Spoiler Alert: Do not read if you haven’t seen True Blood Season 7, Ep. 3 –“Fire in the Hole.”
“Saint Fucking Petersburg, Eric? You know how I hate the Russian people.” — Pam
“Fire in the Hole” fell into an all too familiar pattern of True Blood episodes; for fifty minutes barely anything happened, and then the last ten minutes came along and flipped the story for the rest of the season.
True Blood certainly isn’t wasting any time narrowing down its characters. One of the chief complaints of the latter seasons has been the overabundance of characters and plotlines crowding the narratives. Well the writers aren’t letting that complaint get lodged at its final season. And to prevent that they have implemented a new rule: a (somewhat) major character dies every other episode.
So rest in peace Alcide, though your storylines bored me to tears I shall miss your misadventures in remaining clothed.
The other “holy shit” moment of the last ten minutes came courtesy of the all but forgotten Sarah Newlin. The former preacher’s wife turned Hep-V co-creator has reinvented herself as a new age, guru-screwing yogi. But the past isn’t as easy to wash away as hair color. TruBlood’s parent company henchmen tracked her to the guru’s bedroom and sliced his head off as warning to her. Too bad they aren’t adept at a little thing called “searching the premises.”
But Asian Henchmen should be the least of Sarah’s worries. Eric and Pam are also out to exact revenge for introducing Hep-V into the world.
Ah, Eric. We didn’t get an explanation as to how he survived after bursting into flames and I doubt we ever will. There is no way to explain that so it will not be discussed. Fine, got it. Instead we got the first of the night’s unnecessary flashbacks to unfortunate haircuts.
This flashback took us back to 1986 when Eric and Pam were just two young vampires hanging out in France and falling in love. Well, not with each other. Eric was in love with a French human, Sylvie, and decided to ignore the Authority’s decrees of discretion in favor of continuing to screw his lady love against super sexy French tractors.
So the 1986 version of the henchmen (which may very well be the same exact henchmen) showed up and made Eric choose between saving Sylvie or Pam. Clearly he chose Pam, so now, in the last days of his life he returned to the place where he had known and lost love to wallow in his own misery some more.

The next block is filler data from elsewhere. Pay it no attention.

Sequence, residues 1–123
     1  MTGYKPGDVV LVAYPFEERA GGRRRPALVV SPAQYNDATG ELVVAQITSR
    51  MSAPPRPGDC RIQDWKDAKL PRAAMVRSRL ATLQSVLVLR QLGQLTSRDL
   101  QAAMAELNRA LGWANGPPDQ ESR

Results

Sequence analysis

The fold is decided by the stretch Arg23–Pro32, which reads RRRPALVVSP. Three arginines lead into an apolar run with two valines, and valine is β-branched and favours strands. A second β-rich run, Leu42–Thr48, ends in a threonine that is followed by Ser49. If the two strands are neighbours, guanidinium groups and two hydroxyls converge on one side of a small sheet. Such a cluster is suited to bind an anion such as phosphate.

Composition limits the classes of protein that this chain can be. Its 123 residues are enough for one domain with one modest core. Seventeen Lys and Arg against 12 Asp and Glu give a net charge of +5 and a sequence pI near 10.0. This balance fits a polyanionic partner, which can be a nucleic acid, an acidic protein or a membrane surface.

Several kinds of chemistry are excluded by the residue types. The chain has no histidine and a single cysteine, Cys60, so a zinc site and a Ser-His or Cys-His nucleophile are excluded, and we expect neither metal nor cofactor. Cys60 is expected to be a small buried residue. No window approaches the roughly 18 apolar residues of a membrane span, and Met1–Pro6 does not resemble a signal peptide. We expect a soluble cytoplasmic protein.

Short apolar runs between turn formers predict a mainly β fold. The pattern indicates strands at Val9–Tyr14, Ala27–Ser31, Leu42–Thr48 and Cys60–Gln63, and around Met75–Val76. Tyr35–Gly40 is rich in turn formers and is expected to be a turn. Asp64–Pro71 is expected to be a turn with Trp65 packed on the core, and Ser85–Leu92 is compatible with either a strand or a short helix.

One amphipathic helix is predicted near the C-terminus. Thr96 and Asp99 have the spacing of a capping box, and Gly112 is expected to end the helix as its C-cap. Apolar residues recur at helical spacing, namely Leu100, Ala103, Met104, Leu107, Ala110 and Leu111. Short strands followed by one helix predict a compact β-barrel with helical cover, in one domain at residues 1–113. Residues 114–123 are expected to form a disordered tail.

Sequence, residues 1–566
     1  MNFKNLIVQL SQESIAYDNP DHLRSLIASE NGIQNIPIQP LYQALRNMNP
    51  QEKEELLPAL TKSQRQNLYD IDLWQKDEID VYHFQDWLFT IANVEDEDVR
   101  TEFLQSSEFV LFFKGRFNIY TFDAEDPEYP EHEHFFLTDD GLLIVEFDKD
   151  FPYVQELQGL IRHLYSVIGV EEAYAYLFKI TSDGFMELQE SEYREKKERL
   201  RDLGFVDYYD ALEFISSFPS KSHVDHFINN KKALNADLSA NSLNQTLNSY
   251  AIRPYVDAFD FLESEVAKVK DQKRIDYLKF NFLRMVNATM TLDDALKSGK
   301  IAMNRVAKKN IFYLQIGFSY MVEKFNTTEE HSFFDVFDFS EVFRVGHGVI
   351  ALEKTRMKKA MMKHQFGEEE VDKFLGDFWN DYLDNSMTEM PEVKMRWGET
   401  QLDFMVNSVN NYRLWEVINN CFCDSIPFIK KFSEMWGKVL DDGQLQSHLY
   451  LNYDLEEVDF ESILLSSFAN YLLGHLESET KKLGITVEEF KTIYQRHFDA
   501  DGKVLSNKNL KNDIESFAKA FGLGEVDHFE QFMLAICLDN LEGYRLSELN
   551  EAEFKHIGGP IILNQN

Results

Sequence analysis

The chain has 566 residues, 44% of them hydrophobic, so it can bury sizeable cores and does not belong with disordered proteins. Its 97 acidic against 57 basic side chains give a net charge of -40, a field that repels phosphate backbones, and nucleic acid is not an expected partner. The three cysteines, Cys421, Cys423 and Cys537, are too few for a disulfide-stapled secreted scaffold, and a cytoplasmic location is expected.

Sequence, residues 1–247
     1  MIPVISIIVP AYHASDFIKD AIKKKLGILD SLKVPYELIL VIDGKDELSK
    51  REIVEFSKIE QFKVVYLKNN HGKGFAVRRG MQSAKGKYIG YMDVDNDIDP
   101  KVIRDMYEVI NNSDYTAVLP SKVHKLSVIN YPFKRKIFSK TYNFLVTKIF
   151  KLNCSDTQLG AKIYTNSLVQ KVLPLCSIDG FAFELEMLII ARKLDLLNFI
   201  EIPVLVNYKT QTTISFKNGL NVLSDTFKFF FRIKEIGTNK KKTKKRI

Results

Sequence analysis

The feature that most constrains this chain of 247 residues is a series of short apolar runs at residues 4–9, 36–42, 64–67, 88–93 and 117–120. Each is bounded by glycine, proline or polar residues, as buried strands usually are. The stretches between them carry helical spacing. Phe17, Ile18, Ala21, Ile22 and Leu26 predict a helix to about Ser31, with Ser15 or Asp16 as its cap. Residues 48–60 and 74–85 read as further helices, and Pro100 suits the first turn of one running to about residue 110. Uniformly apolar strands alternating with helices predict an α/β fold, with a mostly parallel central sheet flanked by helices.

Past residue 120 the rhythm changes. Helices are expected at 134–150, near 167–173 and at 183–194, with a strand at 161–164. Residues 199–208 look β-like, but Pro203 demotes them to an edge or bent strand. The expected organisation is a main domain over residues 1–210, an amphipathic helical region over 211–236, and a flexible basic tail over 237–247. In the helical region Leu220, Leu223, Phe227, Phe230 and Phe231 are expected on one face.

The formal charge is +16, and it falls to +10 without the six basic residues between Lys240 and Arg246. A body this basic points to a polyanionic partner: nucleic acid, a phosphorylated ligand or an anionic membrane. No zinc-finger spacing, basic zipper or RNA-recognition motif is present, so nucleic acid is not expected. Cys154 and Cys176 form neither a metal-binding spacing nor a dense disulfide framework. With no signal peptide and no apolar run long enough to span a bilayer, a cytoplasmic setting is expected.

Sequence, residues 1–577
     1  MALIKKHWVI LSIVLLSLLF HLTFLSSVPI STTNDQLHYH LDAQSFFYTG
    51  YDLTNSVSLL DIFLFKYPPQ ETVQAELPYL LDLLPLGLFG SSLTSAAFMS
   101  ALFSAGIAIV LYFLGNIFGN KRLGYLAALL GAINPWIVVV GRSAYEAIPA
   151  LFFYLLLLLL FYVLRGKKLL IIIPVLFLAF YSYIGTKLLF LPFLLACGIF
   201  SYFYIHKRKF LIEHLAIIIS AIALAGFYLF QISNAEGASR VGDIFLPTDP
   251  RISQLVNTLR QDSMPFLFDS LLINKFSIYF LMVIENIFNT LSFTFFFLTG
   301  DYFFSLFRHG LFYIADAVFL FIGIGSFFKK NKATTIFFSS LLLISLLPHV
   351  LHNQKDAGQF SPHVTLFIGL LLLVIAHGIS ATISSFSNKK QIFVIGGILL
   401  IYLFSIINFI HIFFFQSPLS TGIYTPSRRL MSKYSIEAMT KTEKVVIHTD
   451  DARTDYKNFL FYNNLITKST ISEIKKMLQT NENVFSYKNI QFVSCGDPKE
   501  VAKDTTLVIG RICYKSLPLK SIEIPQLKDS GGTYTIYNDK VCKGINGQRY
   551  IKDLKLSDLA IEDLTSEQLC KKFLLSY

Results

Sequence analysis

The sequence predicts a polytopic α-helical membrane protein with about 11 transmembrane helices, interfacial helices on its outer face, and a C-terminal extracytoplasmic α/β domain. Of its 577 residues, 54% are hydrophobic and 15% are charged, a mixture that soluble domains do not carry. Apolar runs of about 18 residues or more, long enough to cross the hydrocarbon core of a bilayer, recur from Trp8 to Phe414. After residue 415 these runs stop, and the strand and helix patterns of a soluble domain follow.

So that’s fun.
Clearly the only point of this particular flashback was to set up the reintroduction of the henchmen and perhaps to set up a series of flashbacks explaining how Eric went from anti-Authority to big-town sheriff. But here’s a thought, we could have had an entire season of Eric and Pam flashbacks which would ensure a final season complete with the main reason a third of the viewers tune in without having to bring someone back from the dead without an explanation. Just a thought.
Meanwhile, back in the main plotline, the people of Bon Temps continued to be insane. The angry mob stopped Sam and Vampire Matt, killed Vampire Matt and forced Sam to fly off as an owl. Later, they also attempted to stop Andy, Jason, Violet and Jessica, but that didn’t work out so well. Hoyt’s mom shot Jessica (who still isn’t healing) and then got her own heart ripped out by Violet. Then the mob ran off like the scared little kids they are.
Oh, and Sookie continued to be the worst.
It turns out her grand plan was to use herself as vampire bait. Because that was ever going to turn out well. Actually, it turned into everyone rushing to save her suicidal ass (again) and Alcide getting killed for his trouble. Yep, sounds like an average Sookie plan. But they did manage to kill the band of H-Vamps so a rescue of the hostages at Fangtasia should be imminent.
Or maybe not, it’s the final season of True Blood. All periphery characters have been warned.
It felt like this episode got a little too high on its soapbox. From the “they’re after anything that’s different from them” line and the sudden racial tensions of Bon Temps, the usual metaphors were unusually heavy handed. True Blood has never pretended it wasn’t an allegory for all kinds of civil liberty infringements, but it’s always been able to make those parallels in smart, clever way.
As much as I find Lettie Mae’s continued inclusion to the show, the moment between the reverend and Willa was really beautiful. Like season one level beautiful.
Also lovely was the burgeoning relationship between Lafayette and James. If this final season is all about giving the people what they want then giving Lafayette a happy ending is right at the top of the list. Besides, James needs to get out of the way so Jessica can end up with Jason… right?
1986 was much kinder to Pam’s hair than to Eric’s. And 1862 wasn’t kind to anybody.
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